We share music because we want to connect with others on a deeper level. We want to relay and relate to a message that can’t be said with just words. This April, NYLON is dedicating six days a week to introducing you to new artists and budding favorites. With interviews and GIF portraits done down at SXSW, NYLON’s Month of Music is an exercise in finding aural pleasures outside of the Top 40. It’s an exercise in challenging you and ourselves to not stick to one genre. But above all, it’s a celebration of bold voices and sheer talent. Enjoy.
Australian newcomer Phebe Starr released her first, proper track nearly two years ago. Since “Alone With You” debuted, Starr’s star has only risen further. Her unique brand of indie-electro-pop is riddled with yearning, dreams, and disillusionment. The comparisons to Lykke Li are not without warrant. She packs the emotion that has helped propel Li to indie-icon status. Despite the similarity, Starr is on a trajectory all her own, though. Her penchant for electronic productions brings to mind the sounds of Zola Jesus with a hint of Goldfrapp. Her music sweeps you off your feet and twirls you up to new, magnetizing heights. Getting lost in Starr’s wonderland is well worth it. If you haven’t yet, you’re going to feel her love for a long, long while.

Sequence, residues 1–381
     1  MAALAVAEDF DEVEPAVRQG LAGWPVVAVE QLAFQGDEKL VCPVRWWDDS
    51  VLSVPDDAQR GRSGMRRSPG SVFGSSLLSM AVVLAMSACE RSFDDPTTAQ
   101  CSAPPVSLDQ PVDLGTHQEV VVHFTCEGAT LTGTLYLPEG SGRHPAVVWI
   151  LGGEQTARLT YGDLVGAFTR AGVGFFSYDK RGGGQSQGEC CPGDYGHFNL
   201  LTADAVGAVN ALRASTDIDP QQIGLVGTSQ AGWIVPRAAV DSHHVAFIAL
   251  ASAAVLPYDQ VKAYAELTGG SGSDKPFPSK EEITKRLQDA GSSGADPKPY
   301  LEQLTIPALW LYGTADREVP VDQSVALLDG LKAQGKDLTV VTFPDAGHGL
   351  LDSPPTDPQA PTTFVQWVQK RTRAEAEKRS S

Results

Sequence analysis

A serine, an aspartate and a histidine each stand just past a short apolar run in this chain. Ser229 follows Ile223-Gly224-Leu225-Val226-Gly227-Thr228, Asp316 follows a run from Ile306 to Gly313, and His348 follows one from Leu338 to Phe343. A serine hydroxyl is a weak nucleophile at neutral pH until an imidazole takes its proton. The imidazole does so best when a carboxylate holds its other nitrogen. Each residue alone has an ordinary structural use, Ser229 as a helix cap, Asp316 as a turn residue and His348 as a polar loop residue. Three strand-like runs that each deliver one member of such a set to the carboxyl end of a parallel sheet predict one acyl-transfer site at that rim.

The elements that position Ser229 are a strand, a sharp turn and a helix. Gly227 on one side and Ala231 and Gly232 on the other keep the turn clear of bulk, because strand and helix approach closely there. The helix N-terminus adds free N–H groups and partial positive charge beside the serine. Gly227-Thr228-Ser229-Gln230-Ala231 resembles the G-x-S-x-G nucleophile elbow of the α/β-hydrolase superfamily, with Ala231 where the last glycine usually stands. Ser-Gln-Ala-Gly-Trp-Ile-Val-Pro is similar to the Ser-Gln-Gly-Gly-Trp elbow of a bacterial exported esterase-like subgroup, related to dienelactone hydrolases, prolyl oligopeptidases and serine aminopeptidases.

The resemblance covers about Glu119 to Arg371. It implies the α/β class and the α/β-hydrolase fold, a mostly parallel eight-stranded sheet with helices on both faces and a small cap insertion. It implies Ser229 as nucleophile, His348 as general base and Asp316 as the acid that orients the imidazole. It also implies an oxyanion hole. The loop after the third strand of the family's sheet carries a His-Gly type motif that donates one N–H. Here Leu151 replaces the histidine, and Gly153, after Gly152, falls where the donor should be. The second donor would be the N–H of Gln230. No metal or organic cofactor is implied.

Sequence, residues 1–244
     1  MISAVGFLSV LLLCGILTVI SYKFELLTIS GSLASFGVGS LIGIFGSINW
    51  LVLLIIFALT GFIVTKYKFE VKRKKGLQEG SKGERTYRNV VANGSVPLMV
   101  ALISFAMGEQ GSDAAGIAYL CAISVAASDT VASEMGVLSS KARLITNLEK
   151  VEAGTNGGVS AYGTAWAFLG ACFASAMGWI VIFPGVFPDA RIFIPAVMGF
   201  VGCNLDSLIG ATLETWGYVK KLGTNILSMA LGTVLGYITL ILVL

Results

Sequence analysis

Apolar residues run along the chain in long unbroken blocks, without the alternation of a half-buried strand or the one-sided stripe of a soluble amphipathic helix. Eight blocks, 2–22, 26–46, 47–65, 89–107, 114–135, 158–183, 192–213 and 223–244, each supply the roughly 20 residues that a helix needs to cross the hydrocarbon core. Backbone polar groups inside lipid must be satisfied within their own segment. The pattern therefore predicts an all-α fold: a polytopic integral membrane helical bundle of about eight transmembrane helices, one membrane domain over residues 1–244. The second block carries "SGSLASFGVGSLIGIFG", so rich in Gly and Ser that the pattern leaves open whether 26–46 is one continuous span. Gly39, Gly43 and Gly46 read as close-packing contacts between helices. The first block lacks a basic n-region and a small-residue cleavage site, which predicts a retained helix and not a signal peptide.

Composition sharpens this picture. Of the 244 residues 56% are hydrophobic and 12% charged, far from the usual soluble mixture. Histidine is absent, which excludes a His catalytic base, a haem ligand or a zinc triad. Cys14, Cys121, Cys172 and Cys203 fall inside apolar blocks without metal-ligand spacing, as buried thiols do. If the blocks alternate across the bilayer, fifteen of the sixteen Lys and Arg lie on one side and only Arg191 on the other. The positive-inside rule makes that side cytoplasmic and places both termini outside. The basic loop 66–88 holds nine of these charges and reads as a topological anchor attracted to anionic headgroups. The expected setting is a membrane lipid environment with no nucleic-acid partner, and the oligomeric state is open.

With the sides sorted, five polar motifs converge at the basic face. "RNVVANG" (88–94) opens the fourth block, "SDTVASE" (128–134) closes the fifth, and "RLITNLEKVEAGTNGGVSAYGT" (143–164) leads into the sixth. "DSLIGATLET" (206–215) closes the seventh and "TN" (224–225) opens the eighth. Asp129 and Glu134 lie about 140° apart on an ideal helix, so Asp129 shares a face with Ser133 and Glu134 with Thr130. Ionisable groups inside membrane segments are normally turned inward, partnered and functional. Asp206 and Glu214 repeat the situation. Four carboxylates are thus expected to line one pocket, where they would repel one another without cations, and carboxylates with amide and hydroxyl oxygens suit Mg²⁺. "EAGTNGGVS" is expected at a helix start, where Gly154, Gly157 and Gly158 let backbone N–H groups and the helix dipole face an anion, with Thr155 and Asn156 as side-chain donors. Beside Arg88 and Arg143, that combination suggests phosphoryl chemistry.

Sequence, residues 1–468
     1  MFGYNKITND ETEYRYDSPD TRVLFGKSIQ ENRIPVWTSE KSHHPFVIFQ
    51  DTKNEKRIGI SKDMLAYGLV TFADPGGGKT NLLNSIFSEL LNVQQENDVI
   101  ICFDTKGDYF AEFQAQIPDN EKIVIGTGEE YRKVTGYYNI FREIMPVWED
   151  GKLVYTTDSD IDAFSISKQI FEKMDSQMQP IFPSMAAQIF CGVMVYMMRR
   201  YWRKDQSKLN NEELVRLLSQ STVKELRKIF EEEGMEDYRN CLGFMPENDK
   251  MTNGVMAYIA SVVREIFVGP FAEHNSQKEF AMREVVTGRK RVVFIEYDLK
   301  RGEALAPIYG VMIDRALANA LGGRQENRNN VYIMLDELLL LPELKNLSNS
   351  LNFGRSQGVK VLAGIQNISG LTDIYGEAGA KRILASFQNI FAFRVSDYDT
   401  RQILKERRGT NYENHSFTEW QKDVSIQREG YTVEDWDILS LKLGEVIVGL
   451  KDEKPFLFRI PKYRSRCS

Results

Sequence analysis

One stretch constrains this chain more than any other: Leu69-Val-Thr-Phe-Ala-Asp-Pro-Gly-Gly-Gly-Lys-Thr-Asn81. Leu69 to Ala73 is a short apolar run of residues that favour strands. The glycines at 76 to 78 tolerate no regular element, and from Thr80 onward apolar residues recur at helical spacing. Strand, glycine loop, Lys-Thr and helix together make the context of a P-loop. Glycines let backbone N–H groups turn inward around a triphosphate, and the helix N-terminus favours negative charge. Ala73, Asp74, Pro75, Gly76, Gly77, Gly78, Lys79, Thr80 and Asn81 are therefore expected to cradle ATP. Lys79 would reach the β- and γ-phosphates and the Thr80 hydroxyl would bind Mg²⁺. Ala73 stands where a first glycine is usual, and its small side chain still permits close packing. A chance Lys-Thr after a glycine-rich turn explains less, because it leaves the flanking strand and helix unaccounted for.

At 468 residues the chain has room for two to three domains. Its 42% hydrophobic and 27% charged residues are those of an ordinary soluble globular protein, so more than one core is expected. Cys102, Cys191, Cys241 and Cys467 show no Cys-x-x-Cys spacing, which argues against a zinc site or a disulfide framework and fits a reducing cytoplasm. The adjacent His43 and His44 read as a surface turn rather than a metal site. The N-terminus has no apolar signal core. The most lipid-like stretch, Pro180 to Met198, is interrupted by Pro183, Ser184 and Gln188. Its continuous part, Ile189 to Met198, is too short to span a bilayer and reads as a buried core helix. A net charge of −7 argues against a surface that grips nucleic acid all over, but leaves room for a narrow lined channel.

What song of yours fits the following situations?
Getting ready in the morning?
Man, it depends on what mood. Me getting ready? I’m just gonna go with “Dream.” It’s not released yet.
Can you tell us about it then?
You know when you have a crazy dream and none of it makes sense, and then you wake up in the morning and tell your friend, “I had the craziest dream and we were in this pancake parlor and blah blah”? It’s about this dream that I had where I was playing soccer in L.A. I was on the soccer team, which is really random. I played soccer the night before, and I had this dream the girls on my soccer team were talking about another girl, and then I had this dream about the “other girl” and it was the most bizarre thing, because, in my head, I was like, “Is this the girl from the soccer team? Who is this girl?” She had short blonde hair and the darkest eyes I’ve ever seen. It was so symbolic, but I still have no idea what it meant. I woke up the next day and I wrote that song.
“Alone With You.” It’s off my old EP. I wrote it one night after I had been doing a lot of shows. This was before I released anything in Australia, and I was playing with other bands and doing a heap of stuff. I got really disconnected from myself. It’s funny, everyone thinks that song is a love song. I don’t know if you’ve ever experienced anxiety and when you feel so disconnected from yourself, but I was overworking, I was being stupid, not eating, not treating my body right. I had this performance for a movie theater the next day and I didn’t want to play any of my old songs, so I started to write “Alone With You.”
I don’t really write hookup songs actually.
You’d be surprised what people hook up to.
I tend to be more of a deep person, where I think I write songs more about long-term love and the awkwardness of love rather than the romance of a one-night stand. I think any of my songs—actually, “Two Hearts.” It’s also not released yet, but it’s really fun and really pop, and it’s about the connection of two people getting it on, so there you go.